[ Free books ] The Collected Works, Vol. 1Author Scott McClanahan – Albawater.co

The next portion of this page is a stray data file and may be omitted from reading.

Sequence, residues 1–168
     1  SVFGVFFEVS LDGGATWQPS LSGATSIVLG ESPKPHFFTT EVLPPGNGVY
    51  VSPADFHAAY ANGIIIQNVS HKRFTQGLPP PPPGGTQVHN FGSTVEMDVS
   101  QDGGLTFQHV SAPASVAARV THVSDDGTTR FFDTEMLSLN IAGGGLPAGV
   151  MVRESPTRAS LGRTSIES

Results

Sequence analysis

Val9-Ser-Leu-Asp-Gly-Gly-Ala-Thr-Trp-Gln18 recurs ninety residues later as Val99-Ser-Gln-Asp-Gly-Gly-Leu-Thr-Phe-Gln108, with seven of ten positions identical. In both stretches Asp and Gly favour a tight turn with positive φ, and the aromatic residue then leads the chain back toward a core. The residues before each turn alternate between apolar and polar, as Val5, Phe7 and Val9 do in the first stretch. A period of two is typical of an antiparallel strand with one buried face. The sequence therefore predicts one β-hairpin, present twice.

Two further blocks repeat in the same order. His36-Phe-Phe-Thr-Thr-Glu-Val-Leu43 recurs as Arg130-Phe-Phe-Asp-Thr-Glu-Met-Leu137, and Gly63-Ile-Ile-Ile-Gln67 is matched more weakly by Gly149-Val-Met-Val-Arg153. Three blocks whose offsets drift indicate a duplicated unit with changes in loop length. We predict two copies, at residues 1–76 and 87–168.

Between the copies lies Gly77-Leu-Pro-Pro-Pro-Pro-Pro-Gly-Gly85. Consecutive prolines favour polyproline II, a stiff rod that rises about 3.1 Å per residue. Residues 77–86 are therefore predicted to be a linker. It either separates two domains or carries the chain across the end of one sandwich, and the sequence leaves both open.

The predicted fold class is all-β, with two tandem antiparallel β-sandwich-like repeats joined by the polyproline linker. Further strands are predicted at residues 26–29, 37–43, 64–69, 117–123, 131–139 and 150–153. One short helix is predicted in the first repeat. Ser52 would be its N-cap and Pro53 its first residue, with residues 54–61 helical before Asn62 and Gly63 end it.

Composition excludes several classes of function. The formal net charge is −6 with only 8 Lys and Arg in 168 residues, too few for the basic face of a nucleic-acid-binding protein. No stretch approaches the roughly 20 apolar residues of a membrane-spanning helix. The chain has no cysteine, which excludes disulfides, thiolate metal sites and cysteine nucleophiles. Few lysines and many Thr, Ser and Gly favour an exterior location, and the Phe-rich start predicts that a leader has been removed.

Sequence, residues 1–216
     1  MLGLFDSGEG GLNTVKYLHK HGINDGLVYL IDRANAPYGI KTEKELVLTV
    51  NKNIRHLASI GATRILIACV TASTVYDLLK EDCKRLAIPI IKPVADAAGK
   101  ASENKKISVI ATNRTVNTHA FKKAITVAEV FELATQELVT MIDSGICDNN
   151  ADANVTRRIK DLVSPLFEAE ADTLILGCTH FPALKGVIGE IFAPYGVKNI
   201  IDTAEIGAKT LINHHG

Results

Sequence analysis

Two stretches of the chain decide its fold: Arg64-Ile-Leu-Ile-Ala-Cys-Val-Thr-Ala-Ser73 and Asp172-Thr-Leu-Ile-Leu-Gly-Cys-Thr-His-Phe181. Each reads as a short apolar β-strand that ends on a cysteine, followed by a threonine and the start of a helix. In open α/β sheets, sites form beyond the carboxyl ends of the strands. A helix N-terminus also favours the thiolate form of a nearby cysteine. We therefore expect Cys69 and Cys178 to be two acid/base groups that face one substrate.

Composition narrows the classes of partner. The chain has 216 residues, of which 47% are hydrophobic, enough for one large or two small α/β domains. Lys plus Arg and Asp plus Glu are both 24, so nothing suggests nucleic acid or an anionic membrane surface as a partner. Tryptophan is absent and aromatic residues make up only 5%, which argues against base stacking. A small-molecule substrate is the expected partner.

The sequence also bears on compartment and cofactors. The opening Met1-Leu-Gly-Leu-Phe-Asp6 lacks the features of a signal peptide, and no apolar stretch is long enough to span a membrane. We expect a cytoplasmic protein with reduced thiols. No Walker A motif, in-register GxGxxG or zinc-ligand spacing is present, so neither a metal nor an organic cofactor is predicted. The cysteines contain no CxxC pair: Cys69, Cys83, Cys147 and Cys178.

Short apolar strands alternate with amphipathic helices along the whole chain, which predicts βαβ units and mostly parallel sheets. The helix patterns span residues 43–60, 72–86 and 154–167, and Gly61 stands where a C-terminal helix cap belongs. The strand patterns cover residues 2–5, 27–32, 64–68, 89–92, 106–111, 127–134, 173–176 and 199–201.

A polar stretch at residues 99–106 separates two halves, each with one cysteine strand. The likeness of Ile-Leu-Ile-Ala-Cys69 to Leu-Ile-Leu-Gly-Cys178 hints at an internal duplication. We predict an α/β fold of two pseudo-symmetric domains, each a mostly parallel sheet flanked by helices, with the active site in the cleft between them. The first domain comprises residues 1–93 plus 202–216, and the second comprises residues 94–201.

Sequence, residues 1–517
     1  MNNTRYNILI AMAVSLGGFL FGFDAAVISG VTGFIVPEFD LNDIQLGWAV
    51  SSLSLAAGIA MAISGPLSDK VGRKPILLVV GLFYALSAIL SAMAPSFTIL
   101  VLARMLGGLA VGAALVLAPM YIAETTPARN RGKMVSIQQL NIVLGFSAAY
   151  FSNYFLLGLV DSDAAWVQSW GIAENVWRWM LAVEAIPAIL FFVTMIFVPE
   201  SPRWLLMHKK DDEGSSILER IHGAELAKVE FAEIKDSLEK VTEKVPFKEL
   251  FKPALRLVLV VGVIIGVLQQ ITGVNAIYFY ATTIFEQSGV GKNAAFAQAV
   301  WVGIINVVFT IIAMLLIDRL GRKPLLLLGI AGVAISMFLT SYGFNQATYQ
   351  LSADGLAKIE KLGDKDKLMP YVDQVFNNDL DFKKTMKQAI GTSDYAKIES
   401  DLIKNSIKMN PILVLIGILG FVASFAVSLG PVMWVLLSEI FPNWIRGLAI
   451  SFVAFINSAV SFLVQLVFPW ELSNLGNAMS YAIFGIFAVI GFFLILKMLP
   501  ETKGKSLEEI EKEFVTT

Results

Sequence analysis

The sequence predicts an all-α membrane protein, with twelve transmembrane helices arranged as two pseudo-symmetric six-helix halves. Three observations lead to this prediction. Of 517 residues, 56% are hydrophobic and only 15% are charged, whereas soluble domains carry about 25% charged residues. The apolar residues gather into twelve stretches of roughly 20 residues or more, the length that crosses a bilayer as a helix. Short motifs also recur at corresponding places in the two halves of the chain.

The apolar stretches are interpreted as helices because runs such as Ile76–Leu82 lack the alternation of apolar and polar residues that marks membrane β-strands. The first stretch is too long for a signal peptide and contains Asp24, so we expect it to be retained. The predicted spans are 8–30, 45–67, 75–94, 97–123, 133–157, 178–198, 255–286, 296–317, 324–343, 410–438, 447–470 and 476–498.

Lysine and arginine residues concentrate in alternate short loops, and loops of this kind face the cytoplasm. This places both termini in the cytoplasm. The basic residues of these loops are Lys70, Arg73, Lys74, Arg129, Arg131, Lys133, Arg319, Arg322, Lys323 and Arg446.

Scott McClanahan is a powerful, exceptional writer, and the overall effect of reading his deceptively simple stories is like getting hit in the head by a champion cage fighter cranked up on meth that was cooked in a trailer without running water in some Kentucky backwoods where people sing murder ballads to their children to put them to sleep DONALD RAY POLLOCK, author of The Devil All the Time He might be one of the great southern storytellers of our time VOLBROOKLYN When I discovered the stories of Scott McClanahan last year, I was instantly enthralled with his natural storytelling voice and freaky funny tales There s no pretense to Scott s work It s like you re just dropped right into the middle of these fantastic and true stories It s like a sweet blend of my favorite southern writers, Larry Brown and Harry Crews Reading McClanahan is like listening to a good friend telling you his best real life stories on your back porch on a humid night And you both got a nice whiskey buzz going KEVIN SAMPSELL, author of A Common Pornography McClanahan s prose is unfettered and kinetic and his stories seem like a hyper modern iteration of local color fiction His delivery is guileless and his morality ambivalent and you get the sense, while reading him, that he is sitting next to you on a barstool, eating peanuts and drinking a beer, and intermittently getting up to pick a song on the jukebox THE RUMPUS Reads like Bukowski with surprises IMPOSE MAGAZINE Scott is a real storyteller all dark humor and heart Lately I don t feel like putting up with premises Sometimes it feels like the contemporary fiction table at bookstores is crying NO MORE PREMISES I AM CHOKING ON PREMISES But Scott s stories subvert the traditional arc in a voice streaked with shadows I liked hanging out with this voice. scott mcclanahan is on my list of favorite authors with a bunch of people who are dead. The first time I encountered the work of Scott McClanahan was at a literary event at Colonel Summers Park in Portland, Oregon During his reading, a buck naked homeless man walked up behind him holding a plastic bag over his genitals A minute later a cop car pulled up, sirens blaring, and arrested the homeless man Scott kept reading like nothing was happening Maybe he didn t notice Maybe this kind of thing happens to him all the time I don t know A few weeks later I was talking to some fri The first time I encountered the work of Scott McClanahan was at a literary event at Colonel Summers Park in Portland, Oregon During his reading, a buck naked homeless man walked up behind him holding a plastic bag over his genitals A minute later a cop car pulled up, sirens blaring, and arrested the homeless man Scott kept reading like nothing was happening Maybe he didn t notice Maybe this kind of thing happens to him all the time I don t know A few weeks later I was talking to some friends about how I d been blown away by The Stories of Breece D J Pancake Everybody was like, Yeah he s great, but have you read Scott McClanahan I hadn t So I bought this book and read it, expecting to hate it because I couldn t imagine that anybody who wasn t dead could write stories half as good as Trilobites and First Day of Winter But shit, I was totally wrong This book blew my mind It didn t remind me of Pancake though It reminded me of Denis Johnson s Jesus s Son with coal scraped Appalachian mountains taking the place of corn fields Both writers give you the feeling of walking into a dive bar, ordering a drink, and discovering that the guy sitting next to you, telling crazy stories full of half lies is the reincarnation of Walt Whitman Yet whereas Denis Johnson s lyricism is rooted in darkness and drugs, McClanahan s work is rooted in innocence He gives you the world through the eyes of a child in the language of one who s been born and died a thousand times Lines like And when I think of him now, I see all of my friends sprouting from the mountains like giants because he was the one who made the children grow One second he s talking about his father the grocer The next he s mythologizing him in the language of the old testament.I could say McClanahan is a writer s writer, but I don t think he is There s something universal about his work I m surprised he s notwidely read His writing is every bit as original as George Saunders, Haruki Murakami, Karen Russell, and Junot Diaz This book is the real deal Whenever I open up one of Scott McClanahan s books, it s like I m entering a bullshit free zone Scott has often been compared to other famously subversive writers such as Charles Bukowski and Harry Crews Also, Breece D J Pancake Although subject matters often overlap dysfunctional families and friendships, working shitty jobs, drinking, women I think Scott is Scott, and no He s like meets will ever fully encapsulate him He is just that singular Probably without eve Whenever I open up one of Scott McClanahan s books, it s like I m entering a bullshit free zone Scott has often been compared to other famously subversive writers such as Charles Bukowski and Harry Crews Also, Breece D J Pancake Although subject matters often overlap dysfunctional families and friendships, working shitty jobs, drinking, women I think Scott is Scott, and no He s like meets will ever fully encapsulate him He is just that singular Probably without even realizing it, he s cultivated his own style of storytelling, one that is full of minimal eloquence and honesty and absurdity, all while sticking close to his Appalachian roots He has a big heart and is mightily talented Read this book, and then read everything he s written He s fun He s profound He is only getting better I just bought this cuz the cover cracked me up fascist classics, I love that but then it was good funny and sad and kind of low key profound I m gonna find someof this weird shit. This dude is the real deal Those openings That voice I haven t had a book move me this much in quite some time Skip the intro and the afterword They detract from the book s power Particularly the introduction. stories about life and stuff completely amazing i don t even know what to say really that is exactly my point It is not about you, it s about Scott McClanahan.M SarkiComparisons might be made to Donald Ray Pollock, who I do respect, but Scott McClanahan is miles better as a writer and chronicler, though a bit too immature in these first collected works But McClanahan promises to grow into himself, and may have already done so by the time this reader moves on past these, his first two books Donald Ray is a damn good writer, but th that is exactly my point It is not about you, it s about Scott McClanahan.M SarkiComparisons might be made to Donald Ray Pollock, who I do respect, but Scott McClanahan is miles better as a writer and chronicler, though a bit too immature in these first collected works But McClanahan promises to grow into himself, and may have already done so by the time this reader moves on past these, his first two books Donald Ray is a damn good writer, but the main difference between Pollock and McClanahan is the truth behind the tales McClanahan s work is believable whereas you just have to know Pollock s work is mostly made up fiction That is not to say that both works are not made up , but it feelslike McClanahan is simply eager to talk to me, and he tells his shit to me straight He has a humble, almost naive quality about him An innocence in distance so far bereft of his certain to be oncoming pain His characters live in a tough world, and one not famous for its tender mercies It is hard, this life And hard to make up tales like these There is a sweetness and innocence to this childish hillbilly He does seem younger than his years I can almost label him a sophisticated redneck if it weren t for his aggressively loud and strong corn pone dialect With an accent like McClanahan s he could almost commit murder, but I doubt he would get away with it I love his stories and his endings, and sometimes, though predictable, surprise with a thoughtfulness generally missing in contemporary literature Behind most everything I read that is written by young authors today there is usually a sickening pretentious voice showing off and wanting to be on stage Everyone seems to be vying for the same ugly attention that seems so prevalent and important to the immature reader these days But McClanahan comes from a different station than most of us He is not ashamed of his life and what it has taken to survive it Even when describing his mother dressing him up as a pretty girl because she always wanted one lacks any shock value as it is expressed in such a straightforward and sensitive manner His character expects always to be teased Deceit and deception are the norms instead of some abhorrent act on his guiltless personage His always wanting to be a good person rings true, even when the outcomes are anything but There are few careless mistakes, but no escaping the escalating numbers of errors in his judgment You could call McClanahan naive, I did, but he ought by now to know better, if nothing else then because of the sheer numbers of incidents in which he has been lied to I believe his every path is booby trapped, and he accepts these land mines as his way of getting through to somewhere, and perhaps it is the end to each delightful story Of course now, in looking back through them, there is a story near the last few titled The Prisoners The same McClanahan who wrote all the preceding clever pieces is not the same person who wrote this grim tale By my lights one of the best, most sophisticated things he has ever written, at least so far, chronologically the way I am reading them, but not the most fun story to read compared to his other wild ass hick town adventures But it was a pleasure And this is where he gets me What writer will he eventually become as he motors on, maturing and honing his craft Based on what I have seen online in the extremely entertaining videos capturing his readings and short tours already completed my guess is he will stick to mostly the outrageous But I know he can write with the best of them based on this one story alone.The story Suicide Notes follows The Prisoners and is of the same sophisticated vein It is as if McClanahan grew six feet in stature in only fourteen pages Unbelievable One of my favorite topics and he handles it with such grace and nerve Not easy to do regarding something so grim in our society as offing oneself to end all the pain of living His questions hit home and the answers are not obligatoryWe like to think of ourselves as complicated But we re not The whole world is just a virusFable 1 begins where the last two fell off Another brilliant story, but this tender one about his mother s thirty three year teaching career and how it all was worth it, or maybe it was not The narrator s voice, Scott McClanahan, does not have the southern dialect, the corn pone tone that all the preceding stories had prior to The Prisoners Tom Brokaw himself could be narrating these last three stories as there is nothing to suggest it is the typically live reader I have seen and heard who goes by the name of Scott McClanahan.I do think some of these collected stories could have been a bit better, and some probably should have been discarded and not have been included in this special collected edition You know, just because an author writes something does not mean it is any good or should always be remembered I believe Scott McClanahan would agree with this remark and say so what he doesn t care But I think he can do much better than some of these stories included here, and perhaps his later work will prove me correct in my assumption I am not being hyper critical, but what makes Blake Butler and Sam I pretty much dislike everything I read Pink important enough to decide the worth of a budding genius in their writing of the foreword and afterword, and why would anyone care what either of them says anyway There isthan enough brilliant literature to read out there, so I have no idea what it is Sam Pink is reading that he so dislikes And for my own sake of argument, back and forth and back and forth among the couple voices coming from myself, the real I maintains the now staunch position that Scott McClanahan can do better than having literary caricatures speak on his behalf And the publisher needs to stop already with all the blurbs citing comparisons to Charles Bukowski and their saying McClanahan is the next one in our midst Bukowski was lucky he didn t get sick and die before he got to be a celebrity, and then it s just too bad he didn t do it anyway And since when do we U.S citizens celebrate authors who get drunk in public and insist on burning bridges just because they can Oh shit, I guess because we re fucking sick and always have been Somebody tell me one good piece Bukowski ever wrote I cannot suffer enough to find it McClanahan can stand on his own two feet And if he gets drunk at a reading and throws up on his new shiny boots it won t be because he is immolating Charles Bukowski He simply has the bug The one now that has most likely gotten to you too Imagine sitting on the back porch of a house in West Virginia and you re listening to this guy tell stories, well there you have it that is this book Well, also add in the fact that this guy you are listening to is sharing information that by just listening to him will curse you to suffer harm, whether that is getting hit by a car or infected with a suicide fever But at the end its all good, because he tells you that you are going to live a long and happy life if you believe him This col Imagine sitting on the back porch of a house in West Virginia and you re listening to this guy tell stories, well there you have it that is this book Well, also add in the fact that this guy you are listening to is sharing information that by just listening to him will curse you to suffer harm, whether that is getting hit by a car or infected with a suicide fever But at the end its all good, because he tells you that you are going to live a long and happy life if you believe him This collection has quite a nice blend of humor and sadness, crazy stories and introspection